It is difficult to argue that the addition of sex-selection technology to ART being performed for medical reasons results in an important limitation of health resources. This is true particularly when PGT-A already is being performed for aneuploidy screening and the determination of sex is merely a byproduct of the technology being used to benefit IVF cycle outcomes. Pursuit of ART solely to enable sex selection may entail a more substantial effect on health care re- sources. Though it seems unlikely that such use of ART would result in limitation of availability of infertility care in the United States, it is not clear that such use, if prevalent, would be without effects on the availability of ART for more fundamental infertility care needs in situations where ART resources are less available and cultural pressures for sex selection greater. From the perspective of justice, it is important to ensure that a provider's decision to offer ART for sex selection for nonmedical reasons does not adversely affect access to the service for medical reasons. In addition, any decision to offer the service must apply policies regarding nonmedical sex selection equally to all patients regardless of race, ethnicity, religion, sexual orientation, or marital status. An additional justice concern is that the use of ART for sex selection may be available only to those with the economic re- sources to pay for it.

CONCLUSION

In conclusion, ART practitioners who currently offer or decline to offer sex selection for nonmedical purposes do so against a varied ethical backdrop. Arguments regarding patient autonomy and reproductive liberty have been offered in support of the practice. Risks and burdens of the procedure, gender bias, sex stereotyping and nonacceptance of offspring, efforts to guard against coercion, the potential appearance of sanctioning sex selection, and issues of justice all raise concerns about the practice. Practitioners must take care to ensure that parents are fully informed about the risks and burdens of the procedure and that they are not being coerced to undergo it. Because the practice remains ethically controversial, clinics are encouraged to draft and make available written policies setting forth whether and under what circumstances nonmedical sex selection will be available.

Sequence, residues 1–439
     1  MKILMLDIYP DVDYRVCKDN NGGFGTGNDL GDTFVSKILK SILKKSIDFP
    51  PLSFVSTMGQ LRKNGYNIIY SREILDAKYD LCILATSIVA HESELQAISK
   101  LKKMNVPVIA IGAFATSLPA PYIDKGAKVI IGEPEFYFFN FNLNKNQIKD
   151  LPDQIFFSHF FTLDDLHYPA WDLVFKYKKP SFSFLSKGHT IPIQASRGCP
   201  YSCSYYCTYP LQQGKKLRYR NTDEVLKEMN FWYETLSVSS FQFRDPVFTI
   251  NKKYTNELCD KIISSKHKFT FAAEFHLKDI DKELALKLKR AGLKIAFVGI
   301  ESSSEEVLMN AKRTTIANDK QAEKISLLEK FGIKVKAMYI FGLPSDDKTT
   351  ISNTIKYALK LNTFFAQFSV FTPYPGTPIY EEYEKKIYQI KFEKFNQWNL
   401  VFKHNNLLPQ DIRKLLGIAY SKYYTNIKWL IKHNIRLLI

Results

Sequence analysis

Acknowledgments: This report was developed under the direction of the ethics committee of the American Society for Reproductive Medicine as a service to its members and other practicing clinicians. Although this document reflects appropriate management of a problem encountered in the practice of reproductive medicine, it is not intended to be the only approved standard of practice or to dictate an exclusive course of treatment. Other plans of management may be appropriate, taking into account the needs of the individual patient, available resources, and institutional or clinical practice limitations. The ethics committee and the board of directors of the American Society for Reproductive Medicine have approved this report.

This document was reviewed by ASRM members and their input was considered in the preparation of the final document. The following members of the ASRM ethics committee participated in the development of this document: Sigal Klipstein, MD; Ricardo Azziz, MD, MPH, MBA; Katherine Ca- meron, MD; Judith Daar, JD; Joseph B Davis, DO; Susan Crockin, JD; Ruth Farrell, MD; Elizabeth Ginsburg, MD; Catherine Hammack-Aviran, MA, JD; Mandy Katz-Jaffe, PhD; Jennifer Kawwass, MD; Catherine Racowsky, PhD; Robert Rebar, MD; Mary Samplaski, MD; David Shalowitz, MD; Che- vis N Shannon, DrPH, MPH, MBA; Peter Schlegel, MD; Sean Tipton, MA; Lynn Westphal, MD; Julianne Zweifel, PhD. The ethics committee acknowledges the special contribution of Julianne Zweifel, PhD; Sigal Klipstein, MD; and Jennifer Kawwass, MD in the preparation of this document. All committee members disclosed commercial and financial relationships with manufacturers or distributors of goods or services used to treat patients. Members of the committee who were found to have conflicts of interest based on the relationships disclosed did not participate in the discussion or development of this document.